"'The question should be, what about Bush's military record? That's the response. Not that there were 12 bullet holes on the side of Kerry's boat in Vietnam. The only way to beat Karl Rove and that level of viciousness is to hit back harder. If Democrats don't understand that . . . well then, you can finish that sentence."

"Frustration also simmers around the press, and the double standard it seems to have adopted toward the candidates. 'Bush has run the most issueless, negative campaign in modern politics,' notes Simon Rosenberg, president of the New Democrat Network. 'Yet nothing is written about the fact that a sitting president is offering no agenda for his second term.'"

Well, not exactly nothing, but . . .

"Nowhere has that that double standard been more apparent than when contrasting the way the media has covered the two parties' conventions. Compare the coverage of Bush's colossal blunder on Monday -- telling NBC's Matt Lauer that he didn't think the war on terror was winnable -- with Teresa Heinz Kerry's trivial 'shove it' remark during the Democratic Convention in Boston last month. So far, Bush's gaffe has garnered far less coverage than Heinz Kerry's."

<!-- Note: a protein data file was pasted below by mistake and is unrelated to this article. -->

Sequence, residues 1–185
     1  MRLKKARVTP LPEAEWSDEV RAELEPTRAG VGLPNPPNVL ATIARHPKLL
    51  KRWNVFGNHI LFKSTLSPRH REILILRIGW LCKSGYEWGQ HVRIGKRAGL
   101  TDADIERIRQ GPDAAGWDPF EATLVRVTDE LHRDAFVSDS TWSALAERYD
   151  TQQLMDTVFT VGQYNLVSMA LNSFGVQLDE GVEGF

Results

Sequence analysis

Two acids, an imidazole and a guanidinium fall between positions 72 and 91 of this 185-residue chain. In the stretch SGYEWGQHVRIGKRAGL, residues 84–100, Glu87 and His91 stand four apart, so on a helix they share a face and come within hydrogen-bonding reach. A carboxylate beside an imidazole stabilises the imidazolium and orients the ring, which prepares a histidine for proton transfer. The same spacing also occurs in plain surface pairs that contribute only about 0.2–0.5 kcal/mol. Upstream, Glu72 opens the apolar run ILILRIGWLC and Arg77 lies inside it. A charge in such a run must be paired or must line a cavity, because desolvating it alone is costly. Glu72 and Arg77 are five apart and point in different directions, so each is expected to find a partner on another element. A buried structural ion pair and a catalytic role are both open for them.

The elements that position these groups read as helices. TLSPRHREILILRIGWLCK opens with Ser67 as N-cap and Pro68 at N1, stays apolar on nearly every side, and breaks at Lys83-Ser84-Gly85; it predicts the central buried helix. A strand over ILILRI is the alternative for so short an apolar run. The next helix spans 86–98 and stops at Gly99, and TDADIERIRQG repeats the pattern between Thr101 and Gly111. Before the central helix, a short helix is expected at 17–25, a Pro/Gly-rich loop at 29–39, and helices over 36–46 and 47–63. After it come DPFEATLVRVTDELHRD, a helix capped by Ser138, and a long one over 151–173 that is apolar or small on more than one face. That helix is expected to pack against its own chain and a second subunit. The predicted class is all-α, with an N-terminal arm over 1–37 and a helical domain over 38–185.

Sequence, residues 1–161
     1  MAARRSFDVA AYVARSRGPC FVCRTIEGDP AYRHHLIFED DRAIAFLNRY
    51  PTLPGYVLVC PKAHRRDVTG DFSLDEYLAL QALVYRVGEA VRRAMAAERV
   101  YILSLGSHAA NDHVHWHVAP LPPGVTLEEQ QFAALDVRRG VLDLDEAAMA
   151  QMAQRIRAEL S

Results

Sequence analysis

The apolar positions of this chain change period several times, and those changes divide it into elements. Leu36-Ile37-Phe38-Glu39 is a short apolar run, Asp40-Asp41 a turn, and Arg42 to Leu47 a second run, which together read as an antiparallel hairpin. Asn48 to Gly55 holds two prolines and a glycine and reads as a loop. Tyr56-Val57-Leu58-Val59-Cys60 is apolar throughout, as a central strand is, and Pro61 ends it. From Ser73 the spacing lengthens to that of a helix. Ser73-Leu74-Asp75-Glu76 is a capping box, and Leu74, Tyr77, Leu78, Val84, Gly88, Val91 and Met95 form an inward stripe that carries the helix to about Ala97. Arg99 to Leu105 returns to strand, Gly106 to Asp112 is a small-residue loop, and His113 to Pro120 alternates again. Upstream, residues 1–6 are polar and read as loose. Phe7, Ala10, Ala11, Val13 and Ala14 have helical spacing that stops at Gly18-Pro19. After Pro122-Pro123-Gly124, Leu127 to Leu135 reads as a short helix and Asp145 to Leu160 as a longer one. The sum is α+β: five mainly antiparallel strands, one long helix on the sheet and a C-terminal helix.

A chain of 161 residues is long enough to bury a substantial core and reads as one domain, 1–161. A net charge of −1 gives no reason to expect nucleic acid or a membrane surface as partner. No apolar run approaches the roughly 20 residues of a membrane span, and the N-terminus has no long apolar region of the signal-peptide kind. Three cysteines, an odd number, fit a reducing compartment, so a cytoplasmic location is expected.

It hasn't been buried, but Bush's rhetorical retreat has certainly gotten a fraction of the Teresa coverage.

I write elsewhere in The Post about Kerry beefing up his message team, as I quoted James Carville predicting in this space on Monday. But the New York Daily News | http://nydailynews.com/front/story/227911p-195575c.html gives it a little more drama:

"Sen. John Kerry is angry at the way his campaign has botched the attacks from the Swift boat veterans and has ordered a staff shakeup that will put former Clinton aides in top positions.

"'The candidate is furious,' a longtime senior Kerry adviser told the Daily News. 'He knows the campaign was wrong. He wanted to go after the Swift boat attacks, but his top aides said no.'"

Excuse me? Who exactly is in charge of the campaign? Shrum?

I've spent part of the last three days hanging out with Tom Brokaw as he covers his last convention, and if you're interested in how network news does these things, here's my dispatch | http://www.washingtonpost.com/wp-dyn/articles/A50724-2004Aug31.html from the skybox.

More static on McCain, this time from the New Republic's Jonathan Chait | http://www.tnr.com/doc.mhtml?i=express&s=chait083104: